run;

proc delete data=have1;

run;

This has successfully changed the modification date (internally and externally though), and append does not rewrite the whole file.

Augusto
Obsidian | Level 7

Thanks everyone for participating, i just didn't want to take time writing logical code, I though it could be simple, but not.

I'll be very grateful if someone just help me with this below.

1) List all tables from the "GPA" LIBNAME with modate less than 6 (Six months ago) - Please, consider the time to compare is always the actual time because the process will be run daily, thus use datetime or today().

Regards

Augusto

Kurt_Bremser
Super User

You find that in dictionary.tables and use the intnx function.

proc sql;

create table gpa as

select memname from dictionary.tables

where libname = 'GPA' and modate > intnx('month',date(),6); * or did you mean earlier than six months, then it is <;

quit;

Augusto
Obsidian | Level 7

Hello,

Now, i just need to make an iteratively proc append to insert "ZERO" observation into each one table listed.

%macro havetb;
%do i = 1 %to 5;
data have&i.;
x = 1;
run;
%end;
%mend;
%havetb;

proc sql;

create table total_have

as select

cats(libname,'.',memname) as nm_tables, modate

from dictionary.tables

where libname eq 'WORK' and modate gt intnx('month',date(),6) and memtype eq 'DATA';

quit;

/* I just need to fix the code below (its getting in looping....) - Its was just my logic, if someone has another way that works just post.*/

/*creates the macro*/

%macro append(want);
     proc append base = &want. data = &want. (obs=0); run;

%mend append;

/*making the append for each table*/

data _null_;

set total_have end = eof;

do until(eof);

     %append(nm_tables);

end;

run;

Unfortunatelly its not working...

Astounding
PROC Star

It looks like you could apply straightforward techniques to this problem.  For a single data set:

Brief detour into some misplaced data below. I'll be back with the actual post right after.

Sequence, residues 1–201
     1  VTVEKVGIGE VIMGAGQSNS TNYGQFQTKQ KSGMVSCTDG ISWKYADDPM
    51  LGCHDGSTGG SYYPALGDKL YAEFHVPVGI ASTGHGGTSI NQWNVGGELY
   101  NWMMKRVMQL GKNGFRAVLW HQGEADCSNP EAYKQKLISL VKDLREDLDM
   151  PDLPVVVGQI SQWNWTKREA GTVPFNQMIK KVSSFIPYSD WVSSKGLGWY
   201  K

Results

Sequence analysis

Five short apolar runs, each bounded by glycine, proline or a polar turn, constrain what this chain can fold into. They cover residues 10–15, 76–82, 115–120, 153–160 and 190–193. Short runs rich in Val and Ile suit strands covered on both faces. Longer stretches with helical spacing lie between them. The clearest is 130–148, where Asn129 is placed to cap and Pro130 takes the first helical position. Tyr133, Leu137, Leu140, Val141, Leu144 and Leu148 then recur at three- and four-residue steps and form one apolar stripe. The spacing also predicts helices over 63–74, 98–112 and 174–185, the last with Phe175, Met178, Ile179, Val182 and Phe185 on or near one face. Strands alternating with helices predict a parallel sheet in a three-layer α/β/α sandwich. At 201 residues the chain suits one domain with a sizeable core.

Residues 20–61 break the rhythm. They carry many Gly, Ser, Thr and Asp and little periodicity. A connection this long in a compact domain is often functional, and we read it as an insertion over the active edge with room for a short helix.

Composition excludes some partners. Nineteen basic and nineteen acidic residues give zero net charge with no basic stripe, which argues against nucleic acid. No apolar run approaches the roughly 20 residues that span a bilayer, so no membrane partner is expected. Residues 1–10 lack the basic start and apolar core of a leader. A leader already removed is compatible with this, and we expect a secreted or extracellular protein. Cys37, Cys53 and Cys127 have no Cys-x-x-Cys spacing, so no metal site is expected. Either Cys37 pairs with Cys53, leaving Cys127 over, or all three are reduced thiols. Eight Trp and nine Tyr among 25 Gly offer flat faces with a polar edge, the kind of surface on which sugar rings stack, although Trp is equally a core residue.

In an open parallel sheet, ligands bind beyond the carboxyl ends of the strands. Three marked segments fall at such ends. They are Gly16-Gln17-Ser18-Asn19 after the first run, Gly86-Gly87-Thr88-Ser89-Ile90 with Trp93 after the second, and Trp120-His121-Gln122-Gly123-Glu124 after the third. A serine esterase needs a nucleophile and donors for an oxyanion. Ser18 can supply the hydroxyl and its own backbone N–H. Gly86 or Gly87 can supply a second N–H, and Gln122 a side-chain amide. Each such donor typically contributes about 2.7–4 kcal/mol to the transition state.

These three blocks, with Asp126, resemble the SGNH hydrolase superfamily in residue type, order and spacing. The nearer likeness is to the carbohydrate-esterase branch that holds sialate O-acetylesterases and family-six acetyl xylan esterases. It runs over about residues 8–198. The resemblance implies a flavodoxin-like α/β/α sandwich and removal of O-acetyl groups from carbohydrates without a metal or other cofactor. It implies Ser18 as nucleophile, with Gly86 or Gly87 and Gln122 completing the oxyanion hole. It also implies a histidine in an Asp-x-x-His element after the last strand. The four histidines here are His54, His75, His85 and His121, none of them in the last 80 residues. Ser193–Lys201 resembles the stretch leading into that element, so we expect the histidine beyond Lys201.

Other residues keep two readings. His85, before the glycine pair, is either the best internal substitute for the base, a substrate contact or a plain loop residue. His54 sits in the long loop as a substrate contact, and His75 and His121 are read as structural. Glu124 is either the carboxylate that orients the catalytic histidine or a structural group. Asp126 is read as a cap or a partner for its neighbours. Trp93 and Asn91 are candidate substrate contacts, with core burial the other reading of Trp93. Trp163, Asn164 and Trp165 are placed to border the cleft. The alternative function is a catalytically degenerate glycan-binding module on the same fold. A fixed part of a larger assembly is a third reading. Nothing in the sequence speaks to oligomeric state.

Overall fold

data zero;

stop;

set have;

run;

proc append base=have data=zero;

run;

If that works for a single table, it should be easy enough to use macro language to apply the same techniques to a list of table names:

%macro append_zero (nm_tables);

   %local i next_table;

   %do i = 1 %to %sysfunc(countw(&nm_tables));

        %let next_table = %scan(&nm_tables, &i, %str( ));

        data zero;

        stop;

        set &next_table;

        run;
        proc append data=zero base=&next_table;

        run;

   %end;

%mend append_zero;

The usual steps apply.  Get the program working for a single table, then apply macro language to repeat the program for a list of tables.

Good luck.

Augusto
Obsidian | Level 7

Hello Astounding thanks for your help... It will be an automatic process, in reality will be like this...

I real I have 100 or more tables from one libname (GPA), thus will need update (those with more than 6 months with no updates), thus, as I don't know how many table could contain, will be necessary  to use this macro for all tables available, you know? I mean, to make the macro language run reapeat automaticly until the last table.

"I want to create this process to run wherever I want with no changes".

So how to make this macro automaticly run (call) for all tables that could exist in one specific libname.

Obs. . sorry for my english...

Tom
Super User Tom
Super User

The PROC APPEND trick can be reduced to just appending zero observations from the dataset to itself.

proc append base=x data=x(obs=0);
run;

You can query the table DICTIONARY.TABLES ( or the view SASHELP.VTABLE) to check the MODATE variable to find those that have not been modified in a while and use that list to generate the code to "touch" them.  I am not sure if the MODATE in the SAS metadata is actual datetime value that your archive/delete utility is using, but it should be close enough.

Personally I find it easiest to do this using a data step to write the generated code to a text file that is later run via a %INCLUDE statement.  That way I can easily debug the step that generates the file until I get the syntax right.

Try something like this:

libname GPA 'path to GPA library';

filename code temp;


data _null_;

  set sashelp.vtable ;

  where libname='GPA'

    and modate <= intnx('dtmonth',datetime(),-5)

  ;

  file code ;

  dsname = catx('.',libname,memname);

  put 'proc append base=' dsname 'data=' dsname '(obs=0);run;' ;

run;

%include code / source2 ;